Jim Carrey Trained With a CIA Torture Expert to Play This Role
He needed professional help to endure his makeup for How the Grinch Stole Christmas.
Doing research for a movie role is one thing. Many actors will train, study, or even shadow professionals in another field to get into the headspace they want to be in to give their best performance. But few have found an acting job so challenging that they needed to consult with a torture expert who worked with the CIA. Embodying one of his most famous characters, Jim Carrey was put under an incredible amount of physical and mental stress. Read on to find out why 2000's How the Grinch Stole Christmas was an exercise in endurance and what the torture expert taught him to help him make it through filming.
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Carrey played the Grinch in the live-action feature film.
Ron Howard directed Carrey in the 2000 movie adaptation of the beloved 1957 book by Dr. Seuss. He starred alongside Taylor Momsen, Christine Baranski, Molly Shannon, and Jeffrey Tambor in a family comedy that expanded (and made a little darker and more grown-up) the source material. Until Carrey's How the Grinch Stole Christmas came out, it was just the classic 1966 animated special that was in regular holiday rotation for fans.
One enduring piece of lore about the movie is that Carrey's other job at the time of casting led to a nontraditional audition. The actor was starring in the Andy Kaufman biopic Man in the Moon and wouldn't break character. He supposedly auditioned for the Grinch as if Kaufman were playing the green guy.
The makeup was intense.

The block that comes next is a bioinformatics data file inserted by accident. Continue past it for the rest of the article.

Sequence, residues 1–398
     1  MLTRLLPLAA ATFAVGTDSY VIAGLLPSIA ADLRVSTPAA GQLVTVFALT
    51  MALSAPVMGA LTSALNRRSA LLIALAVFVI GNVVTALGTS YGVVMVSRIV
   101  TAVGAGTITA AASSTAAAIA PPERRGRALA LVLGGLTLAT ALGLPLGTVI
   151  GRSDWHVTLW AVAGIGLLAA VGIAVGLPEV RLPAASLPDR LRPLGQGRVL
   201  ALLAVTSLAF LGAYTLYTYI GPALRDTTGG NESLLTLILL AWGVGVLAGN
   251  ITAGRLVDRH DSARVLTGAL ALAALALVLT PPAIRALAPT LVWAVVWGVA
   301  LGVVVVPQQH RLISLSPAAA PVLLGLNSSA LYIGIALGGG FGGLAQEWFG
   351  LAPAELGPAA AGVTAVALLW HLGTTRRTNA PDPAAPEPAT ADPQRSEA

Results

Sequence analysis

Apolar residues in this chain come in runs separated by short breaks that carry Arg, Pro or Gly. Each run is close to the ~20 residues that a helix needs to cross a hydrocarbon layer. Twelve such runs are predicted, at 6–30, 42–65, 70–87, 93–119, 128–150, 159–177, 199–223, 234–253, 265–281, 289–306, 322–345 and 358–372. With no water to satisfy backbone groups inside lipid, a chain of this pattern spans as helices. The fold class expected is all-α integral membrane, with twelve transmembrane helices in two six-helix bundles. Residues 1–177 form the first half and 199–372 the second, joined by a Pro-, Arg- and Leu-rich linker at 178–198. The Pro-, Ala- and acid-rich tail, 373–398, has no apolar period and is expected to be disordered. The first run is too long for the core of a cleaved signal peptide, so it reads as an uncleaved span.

Turning a cast of human actors into the Whos down in Whoville required a serious amount of hair, makeup, and prosthetics. But no one was buried under more of them than Carrey.
"There was about three-and-a-half hours of makeup, and another half for the suit, and then you just knocked on the coffin wall and said, 'I'm still alive!,'" he told Entertainment Tonight back in 2000. He added that it took "a good hour or so to scrape the stuff off [his] face." While Carrey raved about how much fun he was having playing the character, he acknowledged that the makeup was no picnic. He even said that he experienced "two weeks of absolute discomfort and kind of freaking out about it, thinking, I don't know how I'm going to get through this.'"
Rick Baker, the artist behind Grinch-ifying Carrey, ended up winning the Academy Award for Best Makeup for the film.
He had some help from the CIA.
Years later, Carrey was much more candid about the stress of the Grinch makeup, which he estimated he had to put on 100 times in the course of filming.
"Literally the makeup was like being buried alive every day," he said on a 2014 episode of The Graham Norton Show. "The first day was eight-and-a-half hours, and I went back and put my leg through the wall, and I told Ron Howard I couldn't do the movie."
At that point, the actor recounted, producer Brian Grazer stepped in to provide a solution. His suggestion was to "hire a gentleman who is trained to teach CIA operatives how to endure torture," Carrey said.
As for the advice the specialist offered, Carrey remembered a few tips: "He said, 'Eat everything you see. If you're freaking out and you start to spiral downwards, turn the television on. Change your pattern, have someone you know come up and smack you in the head, punch yourself in the leg, or smoke—smoke as much as you can.'" The star added that he had to use a long cigarette holder to do that, so the dyed yak hair that made up his costume wouldn't catch on fire.
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Howard also lent a hand.
Speaking to Entertainment Tonight, Baker said that the film's director took a turn in the full Grinch get-up to show solidarity with Carrey. "This is one of the few films where I didn't suggest that, but Ron I think actually came up with the idea," the makeup artist said. "[He] thought, Maybe it would be easier for Jim if he sees that I can do this too. He did for one day.